Again, it’s not about the numbers, Leach says, as much as the quality of the student they put into the engineering field. For instance, of the 29 students that enrolled at UNC Charlotte, only eight stayed in engineering.
“Some people might say that’s a small number,” Leach said. “But for the engineering college, they’re like that’s eight students we didn’t have before. And they’ve seen that most of those students that are in this group, they come in really ready. I mean, they’ve had so much preparation that they’re ready for whatever they have to throw at them.”
By the time they’ve graduated, CEEC students will have taken about 20 college courses and two college engineering classes. But the engineering education begins in the very first semester of freshman year, and during their first two years at CEEC, students will take Introduction to Engineering Design, Civil Engineering and Architecture, Principles of Engineering, and Computer Science Principles.
Whether they stay in the field or not, Leach says, the students are receiving valuable, foundational skills and are meeting high expectations.
CEEC had a 100% graduation rate last year, exceeded academic growth, and its average SAT score was well above the state’s average.
“I think we’ve proven over five years that the investment is worth it,” Leach said. “Because the investment is probably at least double what you would commit to a typical student.”
College preparation for students
While Leach is excited about the engineering and teaching focus of his two early colleges, what he talks about most is the college preparation his students receive during their four or five years. Students at his schools take a demanding course load, and they get an opportunity to see what college classes require and what college life looks like.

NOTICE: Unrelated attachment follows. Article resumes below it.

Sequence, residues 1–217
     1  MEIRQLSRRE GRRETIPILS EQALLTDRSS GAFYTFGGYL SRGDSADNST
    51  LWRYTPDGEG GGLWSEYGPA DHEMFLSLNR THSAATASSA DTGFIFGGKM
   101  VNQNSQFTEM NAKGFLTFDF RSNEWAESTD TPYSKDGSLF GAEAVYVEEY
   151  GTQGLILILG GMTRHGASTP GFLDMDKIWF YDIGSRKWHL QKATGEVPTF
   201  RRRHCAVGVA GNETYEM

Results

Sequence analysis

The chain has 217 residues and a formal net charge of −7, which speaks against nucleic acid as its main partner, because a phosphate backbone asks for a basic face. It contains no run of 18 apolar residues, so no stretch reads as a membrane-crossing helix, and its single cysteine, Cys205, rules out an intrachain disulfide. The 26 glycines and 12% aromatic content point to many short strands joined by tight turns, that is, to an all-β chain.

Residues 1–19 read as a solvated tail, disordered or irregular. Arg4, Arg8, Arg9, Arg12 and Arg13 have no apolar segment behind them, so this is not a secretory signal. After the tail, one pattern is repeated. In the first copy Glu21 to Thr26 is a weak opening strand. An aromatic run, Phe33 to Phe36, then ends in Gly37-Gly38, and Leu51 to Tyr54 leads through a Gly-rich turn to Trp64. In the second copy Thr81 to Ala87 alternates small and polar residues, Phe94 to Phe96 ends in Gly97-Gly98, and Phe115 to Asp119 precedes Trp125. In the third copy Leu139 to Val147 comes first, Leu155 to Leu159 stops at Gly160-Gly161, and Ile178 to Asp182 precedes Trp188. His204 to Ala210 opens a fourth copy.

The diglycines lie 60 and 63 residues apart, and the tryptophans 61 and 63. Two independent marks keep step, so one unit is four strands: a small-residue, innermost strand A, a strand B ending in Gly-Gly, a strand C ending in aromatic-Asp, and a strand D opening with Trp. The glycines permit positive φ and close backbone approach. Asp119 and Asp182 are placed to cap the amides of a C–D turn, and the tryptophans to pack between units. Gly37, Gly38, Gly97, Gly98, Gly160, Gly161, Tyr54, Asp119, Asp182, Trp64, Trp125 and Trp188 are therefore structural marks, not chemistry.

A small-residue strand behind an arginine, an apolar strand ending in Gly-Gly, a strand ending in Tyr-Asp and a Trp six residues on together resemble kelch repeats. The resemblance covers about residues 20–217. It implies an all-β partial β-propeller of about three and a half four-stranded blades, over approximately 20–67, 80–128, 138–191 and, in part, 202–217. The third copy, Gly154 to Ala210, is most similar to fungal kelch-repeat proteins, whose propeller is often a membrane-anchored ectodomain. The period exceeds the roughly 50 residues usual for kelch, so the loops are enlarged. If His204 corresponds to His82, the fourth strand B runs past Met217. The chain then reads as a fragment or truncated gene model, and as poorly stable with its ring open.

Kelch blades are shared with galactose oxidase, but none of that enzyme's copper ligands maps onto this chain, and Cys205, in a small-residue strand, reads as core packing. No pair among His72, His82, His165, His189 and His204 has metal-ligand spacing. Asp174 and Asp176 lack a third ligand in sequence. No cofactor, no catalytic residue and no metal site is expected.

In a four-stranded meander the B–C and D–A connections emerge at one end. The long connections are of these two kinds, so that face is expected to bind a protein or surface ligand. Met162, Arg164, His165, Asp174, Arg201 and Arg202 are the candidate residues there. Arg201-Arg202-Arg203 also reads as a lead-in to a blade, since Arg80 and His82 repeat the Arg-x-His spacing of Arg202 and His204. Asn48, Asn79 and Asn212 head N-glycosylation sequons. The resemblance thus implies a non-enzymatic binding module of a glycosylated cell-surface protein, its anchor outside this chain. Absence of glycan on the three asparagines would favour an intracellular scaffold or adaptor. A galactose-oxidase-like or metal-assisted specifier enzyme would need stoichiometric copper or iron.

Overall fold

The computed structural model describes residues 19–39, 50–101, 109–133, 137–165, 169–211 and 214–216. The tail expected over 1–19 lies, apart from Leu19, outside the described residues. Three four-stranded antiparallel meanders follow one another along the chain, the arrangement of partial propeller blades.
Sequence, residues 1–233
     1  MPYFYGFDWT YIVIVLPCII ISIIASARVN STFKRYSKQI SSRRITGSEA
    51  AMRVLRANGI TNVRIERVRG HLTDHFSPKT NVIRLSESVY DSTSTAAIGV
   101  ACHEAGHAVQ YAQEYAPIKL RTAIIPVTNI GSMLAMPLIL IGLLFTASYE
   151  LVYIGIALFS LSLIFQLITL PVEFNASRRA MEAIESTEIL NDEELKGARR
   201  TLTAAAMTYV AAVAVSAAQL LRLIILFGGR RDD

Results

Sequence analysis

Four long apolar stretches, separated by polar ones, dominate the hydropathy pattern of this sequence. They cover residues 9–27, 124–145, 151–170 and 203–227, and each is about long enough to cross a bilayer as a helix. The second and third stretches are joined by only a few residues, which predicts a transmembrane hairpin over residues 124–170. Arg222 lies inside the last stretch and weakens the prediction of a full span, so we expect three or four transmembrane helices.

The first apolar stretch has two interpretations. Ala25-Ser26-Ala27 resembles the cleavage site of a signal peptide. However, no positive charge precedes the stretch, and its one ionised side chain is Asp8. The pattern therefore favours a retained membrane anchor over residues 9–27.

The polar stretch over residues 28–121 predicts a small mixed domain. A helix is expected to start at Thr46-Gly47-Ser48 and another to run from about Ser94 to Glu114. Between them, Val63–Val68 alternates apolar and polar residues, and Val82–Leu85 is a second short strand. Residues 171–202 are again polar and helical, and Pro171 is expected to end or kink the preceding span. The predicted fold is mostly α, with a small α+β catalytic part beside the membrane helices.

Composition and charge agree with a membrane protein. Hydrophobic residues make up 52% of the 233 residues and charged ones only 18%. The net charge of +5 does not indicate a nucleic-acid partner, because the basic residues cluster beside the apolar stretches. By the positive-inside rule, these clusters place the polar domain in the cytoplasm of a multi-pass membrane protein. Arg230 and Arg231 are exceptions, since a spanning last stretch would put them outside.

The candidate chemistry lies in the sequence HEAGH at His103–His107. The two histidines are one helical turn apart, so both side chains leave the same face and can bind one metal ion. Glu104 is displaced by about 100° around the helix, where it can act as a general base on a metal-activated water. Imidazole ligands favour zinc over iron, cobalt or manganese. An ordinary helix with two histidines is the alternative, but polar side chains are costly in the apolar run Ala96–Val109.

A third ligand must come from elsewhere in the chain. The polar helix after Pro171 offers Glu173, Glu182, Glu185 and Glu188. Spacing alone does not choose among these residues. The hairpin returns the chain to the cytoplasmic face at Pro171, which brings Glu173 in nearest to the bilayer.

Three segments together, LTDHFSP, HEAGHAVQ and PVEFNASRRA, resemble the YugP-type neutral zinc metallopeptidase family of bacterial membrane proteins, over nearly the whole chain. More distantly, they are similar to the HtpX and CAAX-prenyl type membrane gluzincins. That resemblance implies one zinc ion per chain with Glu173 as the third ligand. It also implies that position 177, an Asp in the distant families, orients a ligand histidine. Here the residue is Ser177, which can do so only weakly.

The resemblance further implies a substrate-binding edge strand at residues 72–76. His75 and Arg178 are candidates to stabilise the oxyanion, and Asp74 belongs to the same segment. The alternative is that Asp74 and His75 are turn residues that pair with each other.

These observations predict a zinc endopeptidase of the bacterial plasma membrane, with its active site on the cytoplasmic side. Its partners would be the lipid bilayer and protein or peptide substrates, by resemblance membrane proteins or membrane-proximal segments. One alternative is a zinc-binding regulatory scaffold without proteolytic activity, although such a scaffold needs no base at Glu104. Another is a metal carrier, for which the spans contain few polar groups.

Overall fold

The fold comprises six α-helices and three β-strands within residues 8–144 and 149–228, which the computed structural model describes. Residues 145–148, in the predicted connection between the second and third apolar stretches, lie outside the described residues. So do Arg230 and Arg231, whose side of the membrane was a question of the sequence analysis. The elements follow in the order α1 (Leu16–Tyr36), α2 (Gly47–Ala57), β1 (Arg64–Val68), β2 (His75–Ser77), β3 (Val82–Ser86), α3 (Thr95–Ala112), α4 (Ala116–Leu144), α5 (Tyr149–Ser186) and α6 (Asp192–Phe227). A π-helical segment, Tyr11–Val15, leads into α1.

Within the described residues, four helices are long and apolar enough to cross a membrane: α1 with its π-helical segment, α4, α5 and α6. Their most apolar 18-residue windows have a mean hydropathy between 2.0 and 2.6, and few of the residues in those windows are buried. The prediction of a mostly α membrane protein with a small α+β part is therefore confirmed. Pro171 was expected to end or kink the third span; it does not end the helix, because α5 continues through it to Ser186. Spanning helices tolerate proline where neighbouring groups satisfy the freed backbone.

“It gives that underrepresented minority group a chance to be exposed to college,” Leach said. “It’s shocking how many have never been on a campus. They don’t know what college looks like; they don’t know what it feels like. So to give them that confidence that, ‘Hey, this is something that I can handle.'”
In his first two graduating classes, he’s seen students move on to Cornell and Dartmouth. But several have stayed home, enrolling at UNC Charlotte.
“The key was a lot of those 30 were higher achieving and whatnot than UNC Charlotte would normally see,” Leach said, attributing their decision to stay on campus to a comfort level they achieved.
He’s hoping that the state and district will continue to invest in his schools. They’re running out of space and funds are tight, but he believes anyone that looks will see real value — particularly in the potential to boost local universities, the engineering workforce, and a diverse teacher pipeline.
“This has to look different than your traditional high school life,” he said. “It has to look different if we invest this amount of money and this amount of energy into it.”